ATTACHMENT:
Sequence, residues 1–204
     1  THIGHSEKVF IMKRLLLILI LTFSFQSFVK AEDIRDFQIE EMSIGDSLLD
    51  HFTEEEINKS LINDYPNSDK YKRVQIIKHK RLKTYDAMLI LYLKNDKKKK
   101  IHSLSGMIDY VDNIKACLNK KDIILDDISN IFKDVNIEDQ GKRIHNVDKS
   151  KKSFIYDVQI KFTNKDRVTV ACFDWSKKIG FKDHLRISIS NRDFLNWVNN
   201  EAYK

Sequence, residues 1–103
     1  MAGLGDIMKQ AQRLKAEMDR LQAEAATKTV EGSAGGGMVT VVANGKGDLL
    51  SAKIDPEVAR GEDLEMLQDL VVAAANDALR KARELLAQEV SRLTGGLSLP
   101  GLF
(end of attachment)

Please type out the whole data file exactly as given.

Sequence, residues 1–204
     1  THIGHSEKVF IMKRLLLILI LTFSFQSFVK AEDIRDFQIE EMSIGDSLLD
    51  HFTEEEINKS LINDYPNSDK YKRVQIIKHK RLKTYDAMLI LYLKNDKKKK
   101  IHSLSGMIDY VDNIKACLNK KDIILDDISN IFKDVNIEDQ GKRIHNVDKS
   151  KKSFIYDVQI KFTNKDRVTV ACFDWSKKIG FKDHLRISIS NRDFLNWVNN
   201  EAYK

Sequence, residues 1–103
     1  MAGLGDIMKQ AQRLKAEMDR LQAEAATKTV EGSAGGGMVT VVANGKGDLL
    51  SAKIDPEVAR GEDLEMLQDL VVAAANDALR KARELLAQEV SRLTGGLSLP
   101  GLF